No U.S. politician who professes to be an agnostic can hope for much of a career: a majority of Americans require their elected representatives to take the deity very seriously and insert "God bless America" into every speech. But in the world of business, and especially in high technology, agnostic isn't just accepted, it's practically — well, revered.
And agnostic isn't the only theological term that's crossed over into the vocabulary of commerce. For example, it's a rare company that doesn't proudly post its mission statement on its website; the original and primary meaning of mission is "a ministry for the propagation of religious faith." And like saints and other holy folk, businesses commonly have visions that guide their worldly activities.
Dig a little deeper, and you'll find quite a few religious terms that have achieved an afterlife in the cubicles and executive suites of American business. Here's a sampling:
Agnostic: In religious parlance, agnostic — literally "without knowledge" — refers to a person who has doubts about a deity or religious tenets. (The term was coined in 1869 by the English biologist Thomas Henry Huxley.) In business, and especially in technology, agnostic is a suffix attached to words such as platform, marketing, and media. In those contexts it simply means "neutral" — a platform-agnostic program can run on PCs, Macs, and Linux machines; a media-agnostic publication is created for multiple channels (print, online, broadcast, etc.).
Come-to-Jesus meeting: This phrase (or a variation, "come-to-Jesus moment") is often used to connote a showdown or a moment of truth. The original "come-to-Jesus meetings" arose out of the Holiness Movement in 1920s America; according to The Mavens' Word of the Day, a Random House blog, these gatherings "were camp meetings where you met your Redeemer face to face — with no priest to cushion the blow of the realization that your sins were making Him go on suffering, no saints to intercede on your behalf." Corporate America has appropriated the phrase, stripped it of its religious significance, and superimposed one of several new meanings. "Come-to-Jesus" may mean "called on the carpet," as in, "The CEO brought all the senior vice presidents into his office for a come-to-Jesus meeting about falling sales." It can mean "a public admission of guilt," as in this passage about the International Energy Association from the Energy & Capital blog: "On Monday this week, they had what I would consider a 'come-to-Jesus moment,' walking before the whole world to the front of the tent, admitting their unworthiness and publicly confessing their sins." Note: A "come-to-Jesus moment" is "a sudden revelation" that usually has nothing to do with the central figure of the New Testament.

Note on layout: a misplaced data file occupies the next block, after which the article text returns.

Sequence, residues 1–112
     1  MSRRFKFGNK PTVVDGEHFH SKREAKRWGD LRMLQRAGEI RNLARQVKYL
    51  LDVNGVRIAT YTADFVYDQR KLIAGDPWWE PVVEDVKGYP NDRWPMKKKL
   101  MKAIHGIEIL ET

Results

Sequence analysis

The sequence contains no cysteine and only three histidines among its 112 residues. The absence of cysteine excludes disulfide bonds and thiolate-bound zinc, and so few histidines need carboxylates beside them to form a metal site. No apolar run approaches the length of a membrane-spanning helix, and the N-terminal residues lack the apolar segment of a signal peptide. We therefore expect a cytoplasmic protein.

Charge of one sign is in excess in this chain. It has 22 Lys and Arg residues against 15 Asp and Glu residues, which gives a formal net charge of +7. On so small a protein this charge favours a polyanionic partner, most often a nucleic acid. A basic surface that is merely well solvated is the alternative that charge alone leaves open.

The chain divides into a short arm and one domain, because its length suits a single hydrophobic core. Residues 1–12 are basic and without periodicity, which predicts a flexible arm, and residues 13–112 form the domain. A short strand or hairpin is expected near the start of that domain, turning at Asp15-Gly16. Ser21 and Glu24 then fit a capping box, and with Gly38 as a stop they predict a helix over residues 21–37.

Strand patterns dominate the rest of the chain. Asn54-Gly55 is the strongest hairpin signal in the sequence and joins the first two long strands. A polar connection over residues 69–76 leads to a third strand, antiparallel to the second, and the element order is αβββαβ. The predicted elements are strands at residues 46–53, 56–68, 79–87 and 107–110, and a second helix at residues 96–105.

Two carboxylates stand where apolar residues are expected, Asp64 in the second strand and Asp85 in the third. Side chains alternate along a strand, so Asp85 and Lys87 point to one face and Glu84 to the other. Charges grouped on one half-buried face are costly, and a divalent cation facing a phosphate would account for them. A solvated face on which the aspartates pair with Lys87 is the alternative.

Evangelist: This word comes from the same Greek root as angel, and in a religious context refers to a Christian who proselytizes. The first company to appropriate it for business purposes may have been Apple, which created the title for an employee who promoted the Macintosh computer. Used humorously at first, the term caught on and was elevated to a formal job title. For example, Anil Dash, a founder of the blogging service Six Apart, is that company's "Chief Technology Evangelist," and in 2006, "evangelists" from several large technology firms formed the Global Network of Technology Evangelists. But you don't have to work in technology to call yourself an evangelist: just look at lexicographer Erin McKean, whose website is Dictionary Evangelist.
Religious wars: How zealously do technology advocates defend their positions? Very. The "religious wars" between PC and Mac users began long before the popular "I'm Mac/I'm PC" TV commercials took to the airwaves in 2006. A 1995 article by Cary Lu in the Seattle Times referred to the platform divide as a "holy war" and maintained that "much of the rhetoric is driven more by ignorance than knowledge." Today, "crusaders" in religious wars tend to be software developers with a fierce devotion to a specific coding protocol.
Zen: It's not just a meditative Buddhist sect — in business, zen is often a synonym for ordinary nothingness. Zen can be combined with mail to describe "an incoming e-mail message with no message or attachments." Zen spin is a verb meaning "to tell a story without saying anything at all." And to zen a computing problem means to figure it out in an intuitive flash — perhaps while you're plugged into the earphones of your ZEN MP3 player, now available from Creative with a 16Gb capacity.